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Without a Net

Bieter begins memorizing his State of the City address, to be presented Tuesday, June 5.

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Boise Mayor Dave Bieter once called it the "NASCAR effect."

"Thousands of people turn out for NASCAR, and I think one of the reasons is that, around any turn, there could be a crash," said Bieter in 2007, comparing his teleprompter-free State of the City address to a potential pile-up. "[Attendees] said, 'He's got no notes; he's out there without a net.'"

When Bieter stands before what is usually a full house for his speech--slated for Tuesday, June 5--he'll mark seven years of prompter-free addresses.

"I would love to go back but I can't," joked Bieter. "They expect it now."

But once hizzoner's address gets under way, it's all about content. Bieter has been known to make a headline or two in previous speeches:

In 2007 he announced a new Winco distribution center to be built in southeast Boise, and he also committed city funds to a new detox center, Allumbaugh House, which opened in April 2010.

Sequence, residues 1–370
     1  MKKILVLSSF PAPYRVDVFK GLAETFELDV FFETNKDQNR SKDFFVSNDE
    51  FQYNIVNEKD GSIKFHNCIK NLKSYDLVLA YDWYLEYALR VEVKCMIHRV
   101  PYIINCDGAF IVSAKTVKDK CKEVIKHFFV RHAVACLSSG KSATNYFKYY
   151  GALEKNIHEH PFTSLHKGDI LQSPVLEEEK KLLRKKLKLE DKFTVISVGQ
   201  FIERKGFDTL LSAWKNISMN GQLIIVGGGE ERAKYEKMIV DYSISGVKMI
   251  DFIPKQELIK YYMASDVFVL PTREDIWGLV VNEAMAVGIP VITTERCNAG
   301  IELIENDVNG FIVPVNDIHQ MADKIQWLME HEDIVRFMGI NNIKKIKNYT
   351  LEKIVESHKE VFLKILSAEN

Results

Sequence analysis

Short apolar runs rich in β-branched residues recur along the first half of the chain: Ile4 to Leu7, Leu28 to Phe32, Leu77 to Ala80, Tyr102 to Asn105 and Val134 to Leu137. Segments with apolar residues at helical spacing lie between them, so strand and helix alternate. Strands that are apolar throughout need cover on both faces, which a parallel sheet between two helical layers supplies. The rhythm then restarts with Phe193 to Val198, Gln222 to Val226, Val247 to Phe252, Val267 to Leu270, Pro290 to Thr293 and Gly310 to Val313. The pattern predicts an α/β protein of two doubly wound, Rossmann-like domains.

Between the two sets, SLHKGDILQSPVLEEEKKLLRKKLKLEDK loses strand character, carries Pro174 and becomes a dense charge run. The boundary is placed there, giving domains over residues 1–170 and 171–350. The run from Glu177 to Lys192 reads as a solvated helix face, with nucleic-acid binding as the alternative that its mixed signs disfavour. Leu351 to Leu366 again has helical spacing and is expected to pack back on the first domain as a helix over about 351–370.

• In 2008, saying he was "obsessed with libraries," Bieter announced his commitment to four new branch libraries: in the Collister and Hillcrest shopping centers, at Cole and Ustick roads and at Bown Crossing (which is on hold, pending funding).

• In 2009, Bieter proposed an alternative-energy business incubator, dubbed "The Greenhouse," which opened in September 2010.

• In 2010, Bieter announced a 20-year lease with Sunergy World to build a solar energy plant west of the Boise Airport, but not much has been said about the plan since.

In 2011, Bieter promoted Boise's voluntary curbside glass recycling program (which rolled out September 2011) and the construction of Esther Simplot Park (getting under way later this year) and Terry Day Park (the city is expected to accept construction bids soon).

"We always hope to have a little bit of news," said Bieter. "This year is no exception. We started off with a number of possibilities a few months ago. Some fall out. Some fall in."

Bieter tapped his knuckles on his conference table in his City Hall office.

"Knock wood, hopefully one of those is going to make it to the finish line," he said.

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